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No benefit of prayer found after surgery

Some question science of heart patient study

WASHINGTON -- Praying for other people to recover from an illness is ineffective, according to the largest, best-designed study to try to examine the power of prayer to heal strangers at a distance.

The study of more than 1,800 heart bypass surgery patients found that those who had other people praying for them had as many complications as those who did not. In fact, one group of patients who knew they were the subject of prayers fared worse.

The long-awaited results, the latest in a series of studies that have failed to find any benefit from ''distant" or ''intercessory" prayer, came as a blow to the hopes of some that scientific research would validate the popular notion that people can influence the health of people even if they don't know someone is praying for them.

The researchers cautioned that the study was not designed to test the existence of God or the benefit of other types of prayer, such as praying for oneself or at bedsides of friends or relatives. They also did not rule out that other types of distant prayer may be effective for other types of patients.

''No one single study is ever going to provide an answer," said Jeffery Dusek of Harvard Medical School, who helped lead the study being published in the April 4 issue of the American Heart Journal.

While many studies have suggested that praying for oneself may reduce stress, research into praying for others who may not even know they are the subject of prayers has been much more controversial. Several studies that claimed to show a benefit have been criticized as deeply flawed. And several of the most recent findings have found no benefit.

The new $2.4 million study, funded primarily by the John Templeton Foundation, was designed to overcome some of those shortcomings. Dusek and his colleagues divided 1,802 bypass patients at six hospitals into three groups. Two groups were uncertain whether they would be the subject of prayers. The third was told they would be prayed for.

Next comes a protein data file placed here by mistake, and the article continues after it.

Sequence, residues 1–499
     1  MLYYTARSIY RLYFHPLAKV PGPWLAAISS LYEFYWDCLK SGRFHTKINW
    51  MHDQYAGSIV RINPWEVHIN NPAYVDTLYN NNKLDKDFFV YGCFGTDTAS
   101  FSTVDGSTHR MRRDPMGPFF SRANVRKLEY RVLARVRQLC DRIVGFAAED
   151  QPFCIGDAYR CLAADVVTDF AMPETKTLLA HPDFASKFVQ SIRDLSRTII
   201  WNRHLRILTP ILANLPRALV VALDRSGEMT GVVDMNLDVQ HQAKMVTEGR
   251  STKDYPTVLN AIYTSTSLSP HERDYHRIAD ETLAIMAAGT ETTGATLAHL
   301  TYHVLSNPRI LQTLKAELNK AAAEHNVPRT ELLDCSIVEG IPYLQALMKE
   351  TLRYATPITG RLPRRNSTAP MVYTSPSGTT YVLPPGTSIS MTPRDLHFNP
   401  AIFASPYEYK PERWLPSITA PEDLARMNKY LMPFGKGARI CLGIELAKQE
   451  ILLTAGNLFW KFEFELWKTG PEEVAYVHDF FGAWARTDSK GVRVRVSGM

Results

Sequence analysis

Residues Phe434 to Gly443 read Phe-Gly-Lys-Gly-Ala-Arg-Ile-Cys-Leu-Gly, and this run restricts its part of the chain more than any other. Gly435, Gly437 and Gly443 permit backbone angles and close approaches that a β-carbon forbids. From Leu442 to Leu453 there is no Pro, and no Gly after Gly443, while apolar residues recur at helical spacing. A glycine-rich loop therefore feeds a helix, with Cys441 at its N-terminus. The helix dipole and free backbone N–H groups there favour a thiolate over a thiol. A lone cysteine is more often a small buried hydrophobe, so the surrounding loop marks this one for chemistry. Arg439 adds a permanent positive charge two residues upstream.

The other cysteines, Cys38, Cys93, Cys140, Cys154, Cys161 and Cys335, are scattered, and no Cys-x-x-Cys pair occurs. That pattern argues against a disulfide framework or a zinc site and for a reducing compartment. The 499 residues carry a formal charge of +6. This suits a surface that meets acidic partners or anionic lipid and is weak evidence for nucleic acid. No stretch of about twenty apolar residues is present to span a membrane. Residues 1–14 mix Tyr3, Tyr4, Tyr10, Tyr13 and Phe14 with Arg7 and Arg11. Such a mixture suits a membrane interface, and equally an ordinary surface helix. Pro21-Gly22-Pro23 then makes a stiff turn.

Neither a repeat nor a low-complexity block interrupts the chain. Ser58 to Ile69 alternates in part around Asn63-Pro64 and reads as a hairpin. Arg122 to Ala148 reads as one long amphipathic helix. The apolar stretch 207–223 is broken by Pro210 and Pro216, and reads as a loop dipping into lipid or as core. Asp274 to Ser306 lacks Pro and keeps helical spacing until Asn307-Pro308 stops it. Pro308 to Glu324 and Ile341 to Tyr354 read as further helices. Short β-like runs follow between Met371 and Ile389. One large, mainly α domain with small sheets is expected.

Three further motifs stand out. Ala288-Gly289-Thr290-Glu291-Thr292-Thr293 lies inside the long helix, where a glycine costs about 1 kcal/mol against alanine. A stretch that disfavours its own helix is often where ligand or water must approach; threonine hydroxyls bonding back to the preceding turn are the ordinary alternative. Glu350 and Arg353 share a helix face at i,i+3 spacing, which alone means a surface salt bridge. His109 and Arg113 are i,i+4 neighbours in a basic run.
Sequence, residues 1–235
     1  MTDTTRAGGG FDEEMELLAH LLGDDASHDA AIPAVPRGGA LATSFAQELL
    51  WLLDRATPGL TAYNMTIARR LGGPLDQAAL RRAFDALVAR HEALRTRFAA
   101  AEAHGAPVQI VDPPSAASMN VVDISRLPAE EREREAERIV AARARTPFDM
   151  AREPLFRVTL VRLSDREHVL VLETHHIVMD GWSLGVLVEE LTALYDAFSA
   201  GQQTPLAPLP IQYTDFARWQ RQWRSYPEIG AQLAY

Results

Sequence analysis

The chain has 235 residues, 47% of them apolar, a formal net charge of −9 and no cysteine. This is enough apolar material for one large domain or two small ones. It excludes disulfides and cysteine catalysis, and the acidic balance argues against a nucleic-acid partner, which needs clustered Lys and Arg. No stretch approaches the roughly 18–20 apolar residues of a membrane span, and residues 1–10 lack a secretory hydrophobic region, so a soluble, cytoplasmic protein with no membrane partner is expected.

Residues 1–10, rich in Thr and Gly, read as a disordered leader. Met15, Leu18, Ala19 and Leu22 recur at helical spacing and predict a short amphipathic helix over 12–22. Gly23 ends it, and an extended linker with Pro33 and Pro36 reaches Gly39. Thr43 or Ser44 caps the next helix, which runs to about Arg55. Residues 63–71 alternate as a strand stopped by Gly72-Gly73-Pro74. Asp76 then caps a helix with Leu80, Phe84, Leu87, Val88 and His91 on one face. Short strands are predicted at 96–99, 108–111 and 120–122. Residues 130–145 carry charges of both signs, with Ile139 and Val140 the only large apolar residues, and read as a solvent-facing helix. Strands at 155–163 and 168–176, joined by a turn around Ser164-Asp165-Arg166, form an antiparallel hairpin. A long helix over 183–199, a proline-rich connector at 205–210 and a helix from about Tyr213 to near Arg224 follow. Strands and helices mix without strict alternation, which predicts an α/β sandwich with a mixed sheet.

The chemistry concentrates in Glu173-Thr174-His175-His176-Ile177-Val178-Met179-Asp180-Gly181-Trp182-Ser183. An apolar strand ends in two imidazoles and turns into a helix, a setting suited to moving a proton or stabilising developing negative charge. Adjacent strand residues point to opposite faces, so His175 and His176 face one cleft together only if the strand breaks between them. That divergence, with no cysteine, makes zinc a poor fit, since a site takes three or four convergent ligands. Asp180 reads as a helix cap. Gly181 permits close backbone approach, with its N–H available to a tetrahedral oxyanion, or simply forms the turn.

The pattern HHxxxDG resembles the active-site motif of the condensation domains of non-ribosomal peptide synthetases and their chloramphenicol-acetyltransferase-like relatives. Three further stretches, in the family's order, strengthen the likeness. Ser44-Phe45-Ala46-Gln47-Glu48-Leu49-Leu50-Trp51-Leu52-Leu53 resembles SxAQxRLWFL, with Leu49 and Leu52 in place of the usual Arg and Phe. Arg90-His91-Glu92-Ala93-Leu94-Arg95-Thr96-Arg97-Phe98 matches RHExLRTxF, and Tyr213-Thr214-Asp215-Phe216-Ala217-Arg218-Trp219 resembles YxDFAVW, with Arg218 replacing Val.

The researchers recruited two Catholic groups and one Protestant group to pray ''for a successful surgery with a quick, healthy recovery and no complications" for 14 days for each patient, beginning the night before the surgery, using the patient's first name and the first initial of the last name.

Over the next month, patients in the two groups that were uncertain whether they were the subject of prayers fared virtually the same, with about 52 percent experiencing complications regardless of whether they were the subject of prayers.

Surprisingly, however, 59 percent of the patients who knew they were the targets of prayer experienced complications.

Because the most common complication was an irregular heartbeat, the researchers speculated that knowing they were chosen to receive prayers may have put them under increased stress.

''Did the patients think, 'I am so sick they had to call in the prayer team?' " said Charles Bethea of the Integris Heart Hospital at Baptist Medical Center in Oklahoma City, who helped conduct the study.

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